July 21, 2020
Five Best Practices in Communicating Change
By Tatiana Garcia
For the past couple of months, universities across the country have been trying to understand the implications of a pandemic. While every institution is doing its best to work with the resources available, institutional leaders find themselves in the biggest change management undertaking of their careers. Previously we addressed how colleges and universities can better manage the change process, but in this article, we want to share key elements of communication that play a critical role in the success of any organizational transition.
Best Practices in Communicating Change
There are several implications of poor communication. Failing to change successfully is the obvious one, but the worst risk it poses is limiting funding and support to similar initiatives in the future or drastically slowing down support and organizational buy-in in urgent situations. Failure to change is often closely interwoven with poor communication; rarely will people be able to discern the difference until they’ve had time to reflect. Campuses do not have the luxury to deal with resistance or failure this time around.
Communication needs to be clear, swift, and timely as campuses collectively learn and adapt to the best protocols for minimizing COVID-19 risks on campus.
Here are five key steps to a strong communication approach.
1. Manage expectations with clear messaging around project goals.
A leader sometimes refrains from sharing project information when there is uncertainty around transition plans or project details, in the hopes of avoiding organizational angst; it usually does the reverse. Not knowing everything upfront doesn’t mean you should avoid communicating the intent and goal of your plans. Be direct and honest about what details you know and can share, and provide the logic for any information you need to withhold and timeframes around when you may know more.
2. Assign ownership of the project communication strategy at the beginning.
A communication strategy provides an agreed-upon approach and timeline for communicating change. It provides the project team structure on when, how, and what to communicate to which stakeholders. Assigning ownership of the communication plan allows someone to track the project communication into more manageable phases and results in more effective change management. Managing a communication strategy can be an administrative project management role; the actual communicator role however, should be determined in the strategy based on stakeholder group. Remember, not every stakeholder group will require the same communication and engagement; it is important to outline the levels of communication early on. Most importantly a communication strategy provides leaders with a unified approach to messaging and timing, avoiding redundancy, overstepping, and making everyone accountable.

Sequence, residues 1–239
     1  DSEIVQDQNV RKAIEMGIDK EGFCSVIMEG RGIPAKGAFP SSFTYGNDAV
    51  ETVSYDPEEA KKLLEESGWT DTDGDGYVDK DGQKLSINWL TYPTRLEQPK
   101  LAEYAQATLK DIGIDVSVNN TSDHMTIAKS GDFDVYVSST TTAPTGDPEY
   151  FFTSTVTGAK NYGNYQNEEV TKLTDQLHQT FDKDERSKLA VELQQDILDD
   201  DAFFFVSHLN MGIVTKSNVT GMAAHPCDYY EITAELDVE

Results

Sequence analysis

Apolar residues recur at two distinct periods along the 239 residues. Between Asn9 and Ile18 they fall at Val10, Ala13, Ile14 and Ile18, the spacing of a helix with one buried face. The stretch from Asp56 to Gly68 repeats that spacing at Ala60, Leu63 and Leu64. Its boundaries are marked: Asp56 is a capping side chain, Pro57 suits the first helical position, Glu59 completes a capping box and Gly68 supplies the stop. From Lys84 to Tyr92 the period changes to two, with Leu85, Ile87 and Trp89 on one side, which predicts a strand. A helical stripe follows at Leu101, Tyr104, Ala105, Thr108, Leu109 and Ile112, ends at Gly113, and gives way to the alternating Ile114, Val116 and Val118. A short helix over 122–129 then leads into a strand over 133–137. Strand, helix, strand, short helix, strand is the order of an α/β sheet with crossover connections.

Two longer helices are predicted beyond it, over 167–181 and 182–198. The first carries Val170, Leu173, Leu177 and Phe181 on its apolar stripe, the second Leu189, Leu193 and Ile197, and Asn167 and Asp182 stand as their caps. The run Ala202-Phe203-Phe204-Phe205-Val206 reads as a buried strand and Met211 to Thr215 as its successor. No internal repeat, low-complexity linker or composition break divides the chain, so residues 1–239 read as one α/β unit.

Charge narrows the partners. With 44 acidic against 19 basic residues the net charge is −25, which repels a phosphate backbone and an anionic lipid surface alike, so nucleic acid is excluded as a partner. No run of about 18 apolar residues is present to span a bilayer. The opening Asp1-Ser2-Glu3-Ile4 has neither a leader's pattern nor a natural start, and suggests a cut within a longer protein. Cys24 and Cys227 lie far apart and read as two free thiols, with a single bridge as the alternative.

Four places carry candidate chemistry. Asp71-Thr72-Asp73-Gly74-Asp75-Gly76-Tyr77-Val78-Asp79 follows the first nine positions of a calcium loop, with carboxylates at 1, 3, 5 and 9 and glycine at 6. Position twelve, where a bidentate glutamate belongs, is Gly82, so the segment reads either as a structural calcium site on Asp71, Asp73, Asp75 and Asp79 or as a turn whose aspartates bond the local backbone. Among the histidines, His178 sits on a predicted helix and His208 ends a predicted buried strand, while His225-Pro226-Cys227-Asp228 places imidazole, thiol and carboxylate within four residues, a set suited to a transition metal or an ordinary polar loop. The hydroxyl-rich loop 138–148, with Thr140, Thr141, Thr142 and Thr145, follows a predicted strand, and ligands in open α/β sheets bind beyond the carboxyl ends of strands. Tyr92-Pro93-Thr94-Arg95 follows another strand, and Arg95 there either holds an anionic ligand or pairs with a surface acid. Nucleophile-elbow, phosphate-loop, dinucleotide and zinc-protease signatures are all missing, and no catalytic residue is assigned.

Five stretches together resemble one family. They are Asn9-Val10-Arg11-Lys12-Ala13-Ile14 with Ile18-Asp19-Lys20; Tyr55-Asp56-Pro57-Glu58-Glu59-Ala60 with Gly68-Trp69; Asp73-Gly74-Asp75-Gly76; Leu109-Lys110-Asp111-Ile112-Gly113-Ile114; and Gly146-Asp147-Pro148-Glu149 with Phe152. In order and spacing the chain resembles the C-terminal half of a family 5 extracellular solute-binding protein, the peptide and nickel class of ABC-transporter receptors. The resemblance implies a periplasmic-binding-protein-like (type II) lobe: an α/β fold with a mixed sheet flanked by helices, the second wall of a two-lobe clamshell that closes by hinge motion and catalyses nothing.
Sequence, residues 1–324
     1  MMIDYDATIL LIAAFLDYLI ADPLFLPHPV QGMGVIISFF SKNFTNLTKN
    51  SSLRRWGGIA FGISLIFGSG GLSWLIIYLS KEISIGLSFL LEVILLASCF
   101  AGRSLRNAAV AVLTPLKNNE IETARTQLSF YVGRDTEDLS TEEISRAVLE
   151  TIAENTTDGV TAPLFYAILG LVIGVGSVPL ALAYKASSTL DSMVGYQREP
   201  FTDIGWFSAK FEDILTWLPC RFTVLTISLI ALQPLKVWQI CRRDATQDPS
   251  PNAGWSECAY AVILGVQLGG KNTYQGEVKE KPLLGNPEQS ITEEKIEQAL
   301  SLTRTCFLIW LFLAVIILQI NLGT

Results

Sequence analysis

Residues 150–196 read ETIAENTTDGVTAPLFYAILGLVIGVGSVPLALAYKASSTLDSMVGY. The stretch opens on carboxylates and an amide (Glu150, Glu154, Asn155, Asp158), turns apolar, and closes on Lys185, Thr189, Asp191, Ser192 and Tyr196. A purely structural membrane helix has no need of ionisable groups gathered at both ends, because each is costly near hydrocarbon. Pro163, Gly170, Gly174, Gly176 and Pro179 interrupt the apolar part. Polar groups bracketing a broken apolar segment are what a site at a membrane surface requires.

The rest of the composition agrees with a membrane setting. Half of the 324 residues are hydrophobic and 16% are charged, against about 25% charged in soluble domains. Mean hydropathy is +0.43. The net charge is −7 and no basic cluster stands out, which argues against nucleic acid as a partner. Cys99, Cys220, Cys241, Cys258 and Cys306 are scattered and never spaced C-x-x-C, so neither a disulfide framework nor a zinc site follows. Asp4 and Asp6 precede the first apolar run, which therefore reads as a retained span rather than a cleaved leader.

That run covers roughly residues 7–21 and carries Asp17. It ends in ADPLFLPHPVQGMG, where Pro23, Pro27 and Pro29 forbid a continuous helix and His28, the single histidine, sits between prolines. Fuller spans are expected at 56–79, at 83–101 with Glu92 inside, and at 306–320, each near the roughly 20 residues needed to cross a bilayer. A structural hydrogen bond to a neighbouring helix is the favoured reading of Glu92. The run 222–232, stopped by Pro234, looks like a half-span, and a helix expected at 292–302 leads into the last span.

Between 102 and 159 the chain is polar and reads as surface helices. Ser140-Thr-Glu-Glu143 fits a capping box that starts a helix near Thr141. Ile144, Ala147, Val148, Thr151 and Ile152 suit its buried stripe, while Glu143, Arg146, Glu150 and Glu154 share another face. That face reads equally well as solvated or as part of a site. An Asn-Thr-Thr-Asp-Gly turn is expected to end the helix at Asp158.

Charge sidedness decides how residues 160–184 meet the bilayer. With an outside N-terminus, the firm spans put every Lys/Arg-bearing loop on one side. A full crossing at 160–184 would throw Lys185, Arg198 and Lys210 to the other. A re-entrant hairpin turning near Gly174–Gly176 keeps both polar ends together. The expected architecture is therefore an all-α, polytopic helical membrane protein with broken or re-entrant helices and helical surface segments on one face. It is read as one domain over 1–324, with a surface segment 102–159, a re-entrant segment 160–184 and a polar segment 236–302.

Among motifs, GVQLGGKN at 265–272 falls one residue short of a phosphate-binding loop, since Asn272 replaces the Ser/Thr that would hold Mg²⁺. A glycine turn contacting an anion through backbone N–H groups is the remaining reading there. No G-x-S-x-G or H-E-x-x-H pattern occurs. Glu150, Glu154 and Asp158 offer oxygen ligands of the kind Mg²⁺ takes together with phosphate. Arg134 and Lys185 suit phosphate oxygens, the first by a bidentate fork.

3. Identify impactful communication methods.
Building a communication strategy involves understanding how to deliver project news and updates. Sometimes a message from a direct manager in a small team meeting is more appropriate than hearing something from a Dean in a town hall. Other times, it’s perfectly acceptable to use email. The key thing to remember is that multiple forms of communication are often necessary to ensure the information reaches everyone. Each big or sensitive announcement needs to ensure a thoughtful delivery approach to those experiencing the most change.
Examples of communication methods include:
- All hands / town hall meetings
- Department / small team meetings
- One-on-one chats with direct manager
- Engagement workshop
- Occasional email blast update
- Project website or another central platform
When trying to communicate major COVID-19 behavioral changes to the campus community, it is helpful to follow emails and town halls with graphic collateral. Read about how New York University Shanghai navigated the reopening their Pudong, Shanghai campus in early May 2020 and how they communicated new behavioral norms here.
4. Leverage your team.
Every leader can point to someone on their team that is optimistic and enthusiastic about change. They should become your Change Agents! Change Agents are great at communicating logistics and day-to-day details. Also, they often hear all of the challenges staff are having and are your best resource in understanding and troubleshooting concerns. Remember communication should flow in both directions. You must be open to adapting or providing additional information.
5. Share milestones across the organization.
Don’t underestimate the importance of celebrating and sharing milestones reached. Give people metrics to know that their dedication and work is moving towards the goal. Celebrate the wins, and be honest about the setbacks. Adapt plans as needed and communicate what was learned, why things are changing, and what impacts it has on the long term plans.
Combining strong communication with a strong project management team and remote engagements will help to ensure you are gaining fast consensus along the way. As you approach plans to adapt for the the fall, remember to look out for these key pitfalls:
- No one is directly tasked to create or manage a communication strategy.
- There are multiple senior-level stakeholders delivering messaging at different times with different tones.
- It is assumed the individual tasked to schedule engagements is also communicating project goals to others.
- Communication is rushed as an afterthought to follow decisions on implementation of new protocols.
Implications of poor communication can lead to losing time that simply isn’t available this time around. Remember that your staff may be overwhelmed and worried about returning to work. It is more important than ever that communication helps everyone understand and internalize new ways of operating that will help keep everyone safe.